Thao lives and works full-time in Da Nang and I actually met her for the first time last year when I went there to see about doing charity work in Vietnam. Her cousin here in the U.S. found out I had started a non-profit and told me I should go to her country because a lot of people there needed help and she loved her country. She told me, "My country very beautiful."  And she was absolutely right. Vietnam is one of the most beautiful places I've ever seen in my life. I tell everyone I know that if they ever go there one time, they'll want to go back again and again. And there IS a need there, one I believe where we can really make a difference.
So, after exchanging a month or so of emails with this young woman I'd never met, Thao picked me up at the airport on a very HOT Vietnamese September night. And as we have become better and better friends over these last 9 months, I have learned so many things about of which is that she, too, loves her country very much, just like her cousin Kelly. She does regular charity work through her company, but she also does work with her friends. Periodically during the week they will go to area hospitals in Da Nang in the morning and prepare porridge for the patients and families who can't afford to buy food while they are being treated. She also works during typhoon season providing much needed items like mosquito netting, cooking oil, rice, and other disaster relief items to those who get flooded out of their homes because of the heavy winds and rains.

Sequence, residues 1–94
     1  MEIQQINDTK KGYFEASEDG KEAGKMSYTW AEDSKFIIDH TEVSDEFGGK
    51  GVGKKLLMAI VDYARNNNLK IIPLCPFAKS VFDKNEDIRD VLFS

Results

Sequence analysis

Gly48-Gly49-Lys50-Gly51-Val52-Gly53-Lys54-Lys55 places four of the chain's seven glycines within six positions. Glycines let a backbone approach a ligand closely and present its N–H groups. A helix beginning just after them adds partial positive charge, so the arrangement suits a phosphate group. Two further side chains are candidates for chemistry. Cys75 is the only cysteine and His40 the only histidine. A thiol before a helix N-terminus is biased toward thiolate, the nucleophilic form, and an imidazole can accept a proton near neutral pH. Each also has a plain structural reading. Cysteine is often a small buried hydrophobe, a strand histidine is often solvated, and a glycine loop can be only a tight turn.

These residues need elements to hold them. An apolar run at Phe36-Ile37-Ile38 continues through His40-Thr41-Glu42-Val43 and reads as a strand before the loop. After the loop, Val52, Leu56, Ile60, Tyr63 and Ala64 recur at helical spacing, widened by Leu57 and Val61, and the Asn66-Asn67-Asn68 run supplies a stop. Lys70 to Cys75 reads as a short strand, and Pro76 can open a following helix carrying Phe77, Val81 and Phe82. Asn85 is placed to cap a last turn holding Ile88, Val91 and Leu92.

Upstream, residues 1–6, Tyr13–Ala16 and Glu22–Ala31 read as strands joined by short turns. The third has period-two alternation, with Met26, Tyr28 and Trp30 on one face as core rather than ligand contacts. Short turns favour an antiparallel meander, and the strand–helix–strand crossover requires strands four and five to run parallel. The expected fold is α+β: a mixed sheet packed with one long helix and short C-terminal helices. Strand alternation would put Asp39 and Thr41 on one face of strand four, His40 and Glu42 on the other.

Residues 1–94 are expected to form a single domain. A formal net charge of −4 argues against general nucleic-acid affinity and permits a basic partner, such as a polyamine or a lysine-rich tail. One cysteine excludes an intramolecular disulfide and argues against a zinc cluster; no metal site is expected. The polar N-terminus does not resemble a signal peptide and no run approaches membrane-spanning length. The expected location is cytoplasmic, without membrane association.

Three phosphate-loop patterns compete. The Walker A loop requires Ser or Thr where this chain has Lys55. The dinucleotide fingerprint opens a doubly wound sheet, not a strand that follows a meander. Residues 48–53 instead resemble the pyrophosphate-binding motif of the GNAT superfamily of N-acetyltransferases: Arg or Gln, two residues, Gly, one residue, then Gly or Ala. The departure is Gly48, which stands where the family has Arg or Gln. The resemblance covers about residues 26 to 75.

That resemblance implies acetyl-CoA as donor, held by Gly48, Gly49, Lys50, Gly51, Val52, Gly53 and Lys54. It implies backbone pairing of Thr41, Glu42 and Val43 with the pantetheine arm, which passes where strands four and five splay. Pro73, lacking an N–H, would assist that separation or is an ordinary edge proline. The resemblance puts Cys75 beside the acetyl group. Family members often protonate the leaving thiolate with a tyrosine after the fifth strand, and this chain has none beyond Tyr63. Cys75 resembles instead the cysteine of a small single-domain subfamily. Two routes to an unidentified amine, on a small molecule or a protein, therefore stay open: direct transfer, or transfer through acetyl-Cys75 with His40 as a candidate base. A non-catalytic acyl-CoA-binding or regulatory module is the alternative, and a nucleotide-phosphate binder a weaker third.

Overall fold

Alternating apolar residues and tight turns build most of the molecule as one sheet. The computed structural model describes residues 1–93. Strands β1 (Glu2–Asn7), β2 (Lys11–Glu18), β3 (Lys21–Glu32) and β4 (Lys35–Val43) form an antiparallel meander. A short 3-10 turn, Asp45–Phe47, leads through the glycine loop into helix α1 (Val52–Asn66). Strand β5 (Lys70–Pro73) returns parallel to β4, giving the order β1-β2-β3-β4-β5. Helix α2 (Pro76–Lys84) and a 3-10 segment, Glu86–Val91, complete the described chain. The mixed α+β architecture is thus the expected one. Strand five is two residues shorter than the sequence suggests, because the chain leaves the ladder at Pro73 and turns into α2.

When she isn't working, she loves traveling. She's been to Laos, Myanmar, Cambodia, South Korea, and all around the Laos-Thailand border. She paints beautiful paintings, a result of several years of art classes. She is proficient in English and her favorite book is The Little Prince. And she loves all kinds of food, which is a great thing because I make her eat about every 20 minutes when I'm in country! Vietnamese food is so, so good! And Thao is a wonderful food guide for our team members who want to try new things but have no idea what to ask for. She takes me to some of the best street vendors for some of the most authentic, amazing Vietnamese food you could imagine. 
Most her favorite food items are Vietnamese. They include snails (I had some of these at the beach with her family and loved them!They are very small and you eat them with a chili sauce.), seafood (which is plentiful and fresh on the coast of Da Nang where she lives), and desserts (The one American dessert she really likes is cheesecake). One of the snack foods she likes is dried squid. Vietnamese eat this snack like Americans would eat popcorn, except it's a lot healthier and has a lot fewer calories. She also likes fish with hot chili sauce, grilled rice paper, green mango with shrimp paste, and stir fried snails with lemongrass, ginger and chili.